Child poverty rate to hit 30% in Britain after Brexit

UK Chancellor wants trade partnerships with the world
UK Chancellor wants trade partnerships with the world

The number of children living in poverty in the U.K. will spike to around 30% over the next five years because of government welfare cuts, according to the Institute for Fiscal Studies.

The increase -- from 27.5% in the 2014/15 tax year -- will wipe out reductions in child poverty achieved in the aftermath of the financial crisis.

IFS blamed the increase on tax changes and benefit cuts planned by the current government, which is having to extend a program of austerity because Britain's exit from the European Union is forecast to hurt the economy.

"This increase is entirely explained by the direct impact of tax and benefit reforms ... planned for this parliament," the IFS said in a statement.

IFS consider a couple with one child to be in poverty if they're left with less than £288 ($350) per week after paying for housing.

Related: Europe to Trump: Learn more about the EU

There's more bad news: IFS found that growth in average incomes will be close to zero -- once inflation is taken into account -- over the next two years, before picking up. IFS described the growth as "very slow" by historical standards.

"This sustained slowdown in income growth is unprecedented in at least the last 60 years," the group said in a statement.

The U.K. Treasury said the IFS report does not account for spending on public services including education and skills. It also said that living standards are on the rise.

"We are taking action to support families with the costs of living by cutting taxes for millions of working people, doubling free childcare for nearly 400,000 working parents and introducing the National Living Wage -- a significant pay rise for the lowest earners," a Treasury spokesman said in a statement.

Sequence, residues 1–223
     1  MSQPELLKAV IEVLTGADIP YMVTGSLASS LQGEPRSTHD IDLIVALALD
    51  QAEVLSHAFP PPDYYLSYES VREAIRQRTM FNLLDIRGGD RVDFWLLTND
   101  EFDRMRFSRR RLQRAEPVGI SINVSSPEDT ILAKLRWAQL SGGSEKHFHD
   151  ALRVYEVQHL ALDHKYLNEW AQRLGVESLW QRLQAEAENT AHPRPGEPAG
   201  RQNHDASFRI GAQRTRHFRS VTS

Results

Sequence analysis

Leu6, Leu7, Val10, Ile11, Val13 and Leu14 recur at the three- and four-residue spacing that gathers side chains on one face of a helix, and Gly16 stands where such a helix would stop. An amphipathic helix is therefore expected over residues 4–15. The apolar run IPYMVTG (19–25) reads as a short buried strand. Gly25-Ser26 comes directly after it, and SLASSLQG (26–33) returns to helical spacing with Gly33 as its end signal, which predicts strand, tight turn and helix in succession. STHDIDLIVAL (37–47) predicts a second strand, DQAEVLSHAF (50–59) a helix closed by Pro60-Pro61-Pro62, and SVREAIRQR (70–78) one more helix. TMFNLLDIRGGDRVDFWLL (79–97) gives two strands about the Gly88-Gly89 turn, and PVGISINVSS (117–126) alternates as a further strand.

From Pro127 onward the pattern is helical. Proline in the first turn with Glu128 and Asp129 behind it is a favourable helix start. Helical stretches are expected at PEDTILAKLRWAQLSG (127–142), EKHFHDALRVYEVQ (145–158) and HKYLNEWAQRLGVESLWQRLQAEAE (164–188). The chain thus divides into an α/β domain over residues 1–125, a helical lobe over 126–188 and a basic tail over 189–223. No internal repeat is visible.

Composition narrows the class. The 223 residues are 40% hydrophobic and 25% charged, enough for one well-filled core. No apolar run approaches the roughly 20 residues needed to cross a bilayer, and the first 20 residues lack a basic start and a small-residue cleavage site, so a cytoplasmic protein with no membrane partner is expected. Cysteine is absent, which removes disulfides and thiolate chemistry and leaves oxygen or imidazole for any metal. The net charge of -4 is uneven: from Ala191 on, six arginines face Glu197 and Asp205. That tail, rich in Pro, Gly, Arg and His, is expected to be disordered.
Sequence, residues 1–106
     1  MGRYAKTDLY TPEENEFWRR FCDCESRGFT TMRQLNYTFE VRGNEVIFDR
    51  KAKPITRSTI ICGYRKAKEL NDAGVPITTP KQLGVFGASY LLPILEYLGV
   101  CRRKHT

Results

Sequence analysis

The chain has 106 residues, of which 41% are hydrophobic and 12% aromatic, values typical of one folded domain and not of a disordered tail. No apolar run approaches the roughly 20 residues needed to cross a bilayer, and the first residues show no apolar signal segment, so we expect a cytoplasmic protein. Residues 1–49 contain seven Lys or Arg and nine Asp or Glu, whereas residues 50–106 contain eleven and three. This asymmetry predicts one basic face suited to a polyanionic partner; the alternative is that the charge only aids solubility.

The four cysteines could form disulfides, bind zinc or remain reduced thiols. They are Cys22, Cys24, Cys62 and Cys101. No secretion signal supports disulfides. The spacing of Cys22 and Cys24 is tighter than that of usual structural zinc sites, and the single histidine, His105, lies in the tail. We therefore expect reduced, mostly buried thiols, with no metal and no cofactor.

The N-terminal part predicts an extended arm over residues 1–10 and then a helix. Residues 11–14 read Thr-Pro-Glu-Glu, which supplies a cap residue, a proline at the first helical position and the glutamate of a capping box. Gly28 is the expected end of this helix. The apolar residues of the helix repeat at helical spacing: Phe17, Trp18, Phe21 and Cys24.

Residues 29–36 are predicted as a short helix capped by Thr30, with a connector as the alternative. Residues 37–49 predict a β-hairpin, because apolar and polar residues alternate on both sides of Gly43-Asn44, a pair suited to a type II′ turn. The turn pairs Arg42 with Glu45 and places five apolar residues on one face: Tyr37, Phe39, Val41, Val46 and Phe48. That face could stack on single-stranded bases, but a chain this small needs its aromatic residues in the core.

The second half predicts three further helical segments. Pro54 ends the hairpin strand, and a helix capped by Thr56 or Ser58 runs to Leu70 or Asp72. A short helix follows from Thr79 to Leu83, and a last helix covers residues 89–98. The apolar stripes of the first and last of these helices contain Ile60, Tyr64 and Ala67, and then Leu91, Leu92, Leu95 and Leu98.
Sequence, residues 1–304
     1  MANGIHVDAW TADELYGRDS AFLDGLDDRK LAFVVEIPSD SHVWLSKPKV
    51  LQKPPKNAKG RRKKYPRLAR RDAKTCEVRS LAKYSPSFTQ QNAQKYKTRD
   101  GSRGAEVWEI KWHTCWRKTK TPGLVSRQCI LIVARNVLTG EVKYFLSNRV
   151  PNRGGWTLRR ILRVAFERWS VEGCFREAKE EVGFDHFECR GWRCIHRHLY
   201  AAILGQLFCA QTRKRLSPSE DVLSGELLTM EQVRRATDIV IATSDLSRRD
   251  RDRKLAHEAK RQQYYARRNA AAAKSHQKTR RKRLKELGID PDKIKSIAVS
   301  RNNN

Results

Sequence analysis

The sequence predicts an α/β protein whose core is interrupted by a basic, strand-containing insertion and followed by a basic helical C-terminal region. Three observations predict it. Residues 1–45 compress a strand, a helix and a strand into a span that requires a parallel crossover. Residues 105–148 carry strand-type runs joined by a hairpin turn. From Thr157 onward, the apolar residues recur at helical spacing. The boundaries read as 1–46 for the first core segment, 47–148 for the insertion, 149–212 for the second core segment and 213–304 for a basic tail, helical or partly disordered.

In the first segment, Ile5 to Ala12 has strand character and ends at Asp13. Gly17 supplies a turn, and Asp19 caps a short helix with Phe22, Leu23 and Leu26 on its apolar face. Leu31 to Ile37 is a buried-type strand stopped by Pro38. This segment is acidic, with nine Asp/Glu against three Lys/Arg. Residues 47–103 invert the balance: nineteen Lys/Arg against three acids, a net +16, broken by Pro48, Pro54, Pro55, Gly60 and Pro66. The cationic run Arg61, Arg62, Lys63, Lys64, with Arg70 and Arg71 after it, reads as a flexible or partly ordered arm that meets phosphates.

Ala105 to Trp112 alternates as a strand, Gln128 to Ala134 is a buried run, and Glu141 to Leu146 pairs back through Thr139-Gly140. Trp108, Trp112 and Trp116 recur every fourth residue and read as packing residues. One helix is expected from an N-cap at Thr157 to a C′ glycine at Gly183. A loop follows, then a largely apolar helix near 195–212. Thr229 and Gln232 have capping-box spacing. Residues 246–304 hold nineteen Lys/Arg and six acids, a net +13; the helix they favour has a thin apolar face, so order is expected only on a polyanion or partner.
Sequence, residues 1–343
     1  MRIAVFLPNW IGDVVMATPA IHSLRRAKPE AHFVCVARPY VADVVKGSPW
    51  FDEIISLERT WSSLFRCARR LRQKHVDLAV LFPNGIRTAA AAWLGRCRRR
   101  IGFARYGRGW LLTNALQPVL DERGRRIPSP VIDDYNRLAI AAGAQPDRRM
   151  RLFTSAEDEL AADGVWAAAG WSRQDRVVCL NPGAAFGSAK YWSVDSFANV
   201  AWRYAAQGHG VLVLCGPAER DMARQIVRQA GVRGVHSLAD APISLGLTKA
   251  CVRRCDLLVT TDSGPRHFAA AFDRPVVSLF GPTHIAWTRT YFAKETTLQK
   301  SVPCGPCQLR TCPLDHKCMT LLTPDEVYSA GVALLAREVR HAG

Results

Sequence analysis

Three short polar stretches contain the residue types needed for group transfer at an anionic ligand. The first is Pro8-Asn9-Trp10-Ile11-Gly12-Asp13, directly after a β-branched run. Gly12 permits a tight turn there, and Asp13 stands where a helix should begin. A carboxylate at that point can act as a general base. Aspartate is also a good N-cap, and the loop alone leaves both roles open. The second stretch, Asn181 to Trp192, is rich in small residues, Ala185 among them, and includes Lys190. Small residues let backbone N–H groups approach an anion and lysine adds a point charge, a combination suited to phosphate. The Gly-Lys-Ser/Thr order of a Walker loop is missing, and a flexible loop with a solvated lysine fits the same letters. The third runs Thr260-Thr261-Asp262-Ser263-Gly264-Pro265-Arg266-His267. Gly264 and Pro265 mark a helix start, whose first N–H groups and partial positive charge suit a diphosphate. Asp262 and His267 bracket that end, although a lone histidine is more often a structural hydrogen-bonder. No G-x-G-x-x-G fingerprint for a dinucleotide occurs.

Related: 4.2 million migrants still wait to learn their fate after Brexit

Britain voted in June to leave the EU, setting off a period of tremendous economic and political uncertainty. While the pound immediately plummeted, the most dire economic scenarios envisioned by analysts prior to the referendum have failed to materialize.

But growth over the next five years is expected to be 2.4% lower than it would have been had Britain remained a member of the EU. And the weak pound is beginning to push prices higher, hitting consumers in the pocketbook. Consumer spending, which had been strong in the wake of the vote, is also faltering.

Prime Minister Theresa May is expected to start formal Brexit negotiations with the EU in the coming weeks. The most likely scenario is that Britain will end up leaving Europe's unified trading market and be forced to negotiate new terms of trade with its biggest partners.

The IFS report was funded by the Joseph Rowntree Foundation, an independent social research charity.

Personal Finance

LendingTree

         

CNNMoney Sponsors